Alarm at more Dunedin flooding

In June 2015 a surprisingly bad storm caused bad flooding in the reclaimed but still low low lying south Dunedin area. In the aftermath there were admissions of poor maintenance of drainage systems (storm water drains, mud tanks, screens and pumping stations). Changes were made with assurances things would work better in the future.

A near record 160.2 mm of rain fell in a day then.

Leading up to yesterday, in January this year, there was low rainfall of 26.4 mm (at the University weather station), and most (16 mm) of that was in one day two weeks ago. Things were very dry.

There was ample warning of impending heavy rain, so there was plenty of time to be properly prepared. Yesterday there was 109.6 mm of rain, significantly less than when the 2015 floods happened.

But there was still serious flooding in south Dunedin, not as bad as in 2015 but bad enough to have a state of emergency to be declared and for homes (and a rest home) to be evacuated.

ODT: Stormwater system overwhelmed

Torrential rain overwhelmed Dunedin’s stormwater system yesterday, flooding parts of Mosgiel and South Dunedin and sparking evacuations and road closures.

History repeated itself for many residents, who faced similar flooding in 2015 and wake this morning facing  another clean-up. A state of emergency was declared at 2.20pm. Dunedin  had received 18mm of rain an hour in the previous two hours.

“That is more than our system is designed to cope with, even though it has operated exactly how it is intended to,” Mayor Dave Cull said.

This is an alarming admission.

South Dunedin’s stormwater system was unable to cope with the 2015 deluge, and struggled with the amount of rain which fell in a short time yesterday.

“It was just the sheer volume of rain in such a short period of time meant that some of the groundwater entered the wastewater system, and that’s what caused the problem,” Civil Defence controller Leanne Mash said.

So two and a half years after major floods in part caused by poorly maintained drainage systems, the improved drainage systems still can’t cope with just two thirds of the rainfall.

This is alarming, not just for those who were directly affected by the flooding, but also by at least one ratepayer, me.

How bad will flooding be if we get a repeat of the 2015 rainfall?

Labour, National up in One News poll

In the first One News/Colmar Brunton poll of the year Labour are up six to 31% and National are up four to 49% – this is a similar result to they recent Roy Morganl.

  • National 49% (up 4)
  • Labour 31% (up 6)
  • Greens 10% (down 2)
  • NZ First 6 (6% (down 2)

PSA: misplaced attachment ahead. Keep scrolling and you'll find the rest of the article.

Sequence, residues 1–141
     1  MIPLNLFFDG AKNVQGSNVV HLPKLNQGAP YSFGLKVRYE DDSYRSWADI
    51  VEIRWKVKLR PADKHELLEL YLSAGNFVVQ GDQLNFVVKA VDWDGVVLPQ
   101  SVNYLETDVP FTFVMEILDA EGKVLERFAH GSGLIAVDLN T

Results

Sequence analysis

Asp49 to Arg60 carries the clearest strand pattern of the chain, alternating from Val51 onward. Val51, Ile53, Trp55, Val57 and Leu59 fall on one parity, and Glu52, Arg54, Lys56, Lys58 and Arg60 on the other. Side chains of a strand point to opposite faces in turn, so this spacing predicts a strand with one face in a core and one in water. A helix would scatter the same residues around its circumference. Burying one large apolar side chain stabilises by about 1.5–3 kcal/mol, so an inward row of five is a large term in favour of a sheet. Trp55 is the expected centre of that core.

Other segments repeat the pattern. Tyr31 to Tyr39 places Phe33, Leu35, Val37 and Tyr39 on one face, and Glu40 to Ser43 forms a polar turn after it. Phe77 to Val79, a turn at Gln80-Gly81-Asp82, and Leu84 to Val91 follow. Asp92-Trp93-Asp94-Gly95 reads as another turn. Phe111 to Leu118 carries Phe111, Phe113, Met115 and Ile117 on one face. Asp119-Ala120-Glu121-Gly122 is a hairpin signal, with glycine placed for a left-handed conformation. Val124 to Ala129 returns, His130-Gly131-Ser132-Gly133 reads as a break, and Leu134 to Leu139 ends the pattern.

• Maori Party 2% (no change)
  • Conservatives 1% (down 3)
  • Refused to answer 3% (down 2)
  • Undecided 7% (up 2)

Those results are round to the nearest percent so aren’t very accurate for the smaller parties.

Polling was done over 14-18 February so covers only a small part of the difficult week for Andrew Little.

Poll link.

This week’s Roy Morgan results were very similar:

  • National 49%
  • Labour Party 30%
  • Greens 12%
  • NZ First 6%
  • Conservative Party1.5%
  • Maori Party 1.0%

Colmar Brunton Preferred Prime Minister:

  • John Key 41% (down 2)
  • Andrew Little 12% (first result)
  • Winston Peters 7% (up 2)

Labour up, National down in Roy Morgan poll

The latest Roy Morgan poll:

  • National 49% (down 3%)
  • Maori Party 1.0% (down 0.5%)
  • Act NZ 0% (down 1%)
  • United Future 0% (unchanged)
  • Labour Party 30% (up 4% – their highest level of support since July 2014)
  • Greens 12% (up 1%)
  • NZ First 6% (unchanged)
  • Conservative Party1.5% (down 0.5%)
  • Internet-Mana Party 0% (unchanged)
  • Independent/ Others 0.5% (unchanged).

This poll was held on February 2-15 (the previous one was (January 5-18, 2015) – most of the polling will have been done during John Key’s awful week last week and before Andrew Little’s awful week this week.

Labour will be hoping this recovery trend continues. If they’re lucky their hiccups this week will be forgotten by the next polling period.

RoyMorgan2015February2-15

And Government confidence is down.

Coinciding with the decrease in support for the Government the latest NZ Roy Morgan Government Confidence Rating has fallen significantly to 124pts (down 20pts). This is the lowest the NZ Roy Morgan Government Confidence Rating has been since October 2013.

Coinciding with the decrease in support for the Government the latest NZ Roy Morgan Government Confidence Rating has fallen significantly to 124pts (down 20pts). This is the lowest the NZ Roy Morgan Government Confidence Rating has been since October 2013.

Roy Morgan includes good ‘margin of error’ information:

Margin of Error

The margin of error to be allowed for in any estimate depends mainly on the number of interviews on which it is based. The following table gives indications of the likely range within which estimates would be 95% likely to fall, expressed as the number of percentage points above or below the actual estimate. The figures are approximate and for general guidance only, and assume a simple random sample. Allowance for design effects (such as stratification and weighting) should be made as appropriate.

Sample Size Percentage Estimate
40%-60% 25% or 75% 10% or 90% 5% or 95%
500 ±4.5 ±3.9 ±2.7 ±1.9
1,000 ±3.2 ±2.7 ±1.9 ±1.4
1,500 ±2.6 ±2.2 ±1.5 ±1.1
2,000 ±2.2 ±1.9 ±1.3 ±1.0

The Roy Morgan sample size this poll was 891.